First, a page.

Postgraduate Design Research — Lena Panaita, AUT

1 year ago by

Welcome to Postgraduate Design Research – an opportunity to profile a selection of current design postgraduate students and their projects across our tertiary institutions.

This week, we speak with Lena Panaita from AUT.

What is your background and how did you get into design?

Since before I could remember I’ve been drawing. But drawing for me has also become an escape from the dominating communistic reality that came with growing up in the USSR. I was rather a nonconformist child who refused to accept the all prevailing Soviet propaganda.

In my childhood I met artists who were somehow living in what felt to me an alternative universe. They had the freedom others couldn’t even dream of in the Soviet Union, despite the artists literally having been the hands of the propaganda machine. But I was only vaguely aware of it, and to an eight-year-old me that was a no brainer – all I wanted is to be an artist. That meant four years in an Art school from the age nine, then four years in an Art college, and then six years in an Art University. At some point, my magical thinking about the Art World had fallen apart, together with the USSR. The art education was reoriented as no one needed the propagandistic murals anymore, and design and illustration became better career opportunities.

Tell us about your research.

I’m exploring the narrative potentials of an immersive environment, looking at how a storyteller might use a virtual reality (VR) environment to expand the parameters of a graphic novel into an immersive narrative that enhances a sense of immersion and empathetic response. I’m working in Oculus Quill to produce illustrations and animations inside virtual space.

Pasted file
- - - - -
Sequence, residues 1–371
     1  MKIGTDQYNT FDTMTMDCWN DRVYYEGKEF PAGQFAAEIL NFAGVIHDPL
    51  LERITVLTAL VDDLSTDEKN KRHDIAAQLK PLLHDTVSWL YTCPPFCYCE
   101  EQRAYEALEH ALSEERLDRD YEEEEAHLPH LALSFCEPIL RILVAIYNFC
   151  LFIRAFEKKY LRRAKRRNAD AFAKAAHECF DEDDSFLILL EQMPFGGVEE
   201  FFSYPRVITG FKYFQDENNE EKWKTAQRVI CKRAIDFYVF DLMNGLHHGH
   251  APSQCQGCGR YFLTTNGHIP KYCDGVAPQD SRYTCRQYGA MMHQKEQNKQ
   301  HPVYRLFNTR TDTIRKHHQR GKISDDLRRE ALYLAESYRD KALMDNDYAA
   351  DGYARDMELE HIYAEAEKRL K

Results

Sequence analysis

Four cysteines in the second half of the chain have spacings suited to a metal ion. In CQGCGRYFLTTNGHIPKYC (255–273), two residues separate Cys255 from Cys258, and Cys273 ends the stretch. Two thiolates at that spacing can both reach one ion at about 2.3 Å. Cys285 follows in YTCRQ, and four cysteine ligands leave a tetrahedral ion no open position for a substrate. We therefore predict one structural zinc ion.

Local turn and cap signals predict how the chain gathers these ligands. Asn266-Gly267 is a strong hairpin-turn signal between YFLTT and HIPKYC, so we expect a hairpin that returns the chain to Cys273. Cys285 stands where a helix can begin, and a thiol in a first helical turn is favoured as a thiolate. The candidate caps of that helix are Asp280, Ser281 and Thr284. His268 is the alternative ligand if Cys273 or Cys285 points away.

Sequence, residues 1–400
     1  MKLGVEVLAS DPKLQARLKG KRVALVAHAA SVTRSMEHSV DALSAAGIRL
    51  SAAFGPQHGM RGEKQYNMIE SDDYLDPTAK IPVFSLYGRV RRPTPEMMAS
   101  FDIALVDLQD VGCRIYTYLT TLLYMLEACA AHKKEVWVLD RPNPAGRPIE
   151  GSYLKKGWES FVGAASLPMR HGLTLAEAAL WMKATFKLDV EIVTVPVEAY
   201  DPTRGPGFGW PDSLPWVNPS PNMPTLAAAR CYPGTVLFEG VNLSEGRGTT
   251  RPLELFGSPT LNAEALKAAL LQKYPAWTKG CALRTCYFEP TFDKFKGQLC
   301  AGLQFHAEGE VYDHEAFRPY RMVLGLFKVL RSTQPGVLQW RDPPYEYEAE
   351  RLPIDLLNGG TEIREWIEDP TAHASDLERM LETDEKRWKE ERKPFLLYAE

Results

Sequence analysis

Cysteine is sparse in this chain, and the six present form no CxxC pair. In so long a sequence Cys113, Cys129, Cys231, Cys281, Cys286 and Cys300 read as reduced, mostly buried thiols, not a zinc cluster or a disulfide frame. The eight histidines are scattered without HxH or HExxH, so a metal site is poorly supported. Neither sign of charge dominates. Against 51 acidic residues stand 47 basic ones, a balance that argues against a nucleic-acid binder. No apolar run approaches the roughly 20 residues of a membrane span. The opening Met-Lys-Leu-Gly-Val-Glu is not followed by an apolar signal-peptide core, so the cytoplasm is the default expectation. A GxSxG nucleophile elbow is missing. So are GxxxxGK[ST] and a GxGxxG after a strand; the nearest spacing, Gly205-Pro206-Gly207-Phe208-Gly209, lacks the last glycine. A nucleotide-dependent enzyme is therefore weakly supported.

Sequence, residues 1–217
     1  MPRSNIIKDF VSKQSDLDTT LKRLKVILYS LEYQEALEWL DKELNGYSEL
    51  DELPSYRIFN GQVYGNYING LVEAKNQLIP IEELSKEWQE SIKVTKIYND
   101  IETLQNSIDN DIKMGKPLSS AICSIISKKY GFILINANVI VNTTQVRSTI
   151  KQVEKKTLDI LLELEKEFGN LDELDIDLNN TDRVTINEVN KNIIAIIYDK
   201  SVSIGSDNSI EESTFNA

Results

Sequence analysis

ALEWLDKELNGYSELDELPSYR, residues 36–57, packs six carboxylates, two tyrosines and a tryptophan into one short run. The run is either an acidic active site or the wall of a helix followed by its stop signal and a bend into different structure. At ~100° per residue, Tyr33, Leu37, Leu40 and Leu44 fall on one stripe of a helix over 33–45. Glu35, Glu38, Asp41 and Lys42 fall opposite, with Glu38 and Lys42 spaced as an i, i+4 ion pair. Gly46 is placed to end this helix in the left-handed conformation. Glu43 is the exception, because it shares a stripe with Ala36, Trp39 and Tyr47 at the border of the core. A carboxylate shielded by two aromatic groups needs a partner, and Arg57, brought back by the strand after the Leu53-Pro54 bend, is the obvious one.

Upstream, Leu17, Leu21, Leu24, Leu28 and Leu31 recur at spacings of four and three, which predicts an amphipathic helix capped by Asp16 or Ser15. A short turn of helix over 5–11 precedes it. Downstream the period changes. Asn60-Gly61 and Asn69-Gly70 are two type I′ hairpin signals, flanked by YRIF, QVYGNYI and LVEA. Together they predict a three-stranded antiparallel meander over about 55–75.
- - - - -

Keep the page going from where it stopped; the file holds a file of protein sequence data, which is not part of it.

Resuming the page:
This approach differs from conventional ways of building virtual 3D environments because the work is completely rendered inside VR. The project is using VR technology to construct new ways of communicating both conscious experience and an experience of atypical consciousness (near-death experience).


This is an opening scene for the VR graphic novel that offers a prototype of a
built story world and a mode of storytelling.


What drove you to this research area?

The direction for my research came from a search for a better way to communicate what near-death experience (NDE) is. I had an NDE in my twenties which affected my life views, making me rethink everything I knew and believed in. Researchers in this field state that NDE has been experienced by millions of people around the globe and that experiencing it or learning about it can bring a positive and long-lasting effect on people’s lives.

It definitely changed my life for the better and I wanted other people to have a chance to experience this change but without the side effects of almost dying. However, I found it challenging to show something that is often referred to be indescribable, and even more challenging to show the effects it might have on someone’s life.

So writing an autoethnographical graphic novel that used my personal experience and perspective to tell the story was the natural solution. The problem is that I am an introvert and rarely let people into my world. So I can’t say I was excited about this option. But after a few years of pondering on the idea, I realised that if I didn’t do it I wouldn’t be able to live with myself.

It’s uncomfortable to open up the wounds that healed, but this is the power and beauty of autoethnography. It shows the truth, not a pretty picture on social media, it allows a real connection and an insight into someone’s life that might help us understand our own life. Isn’t this what we are, on a certain level, looking for in books and movies?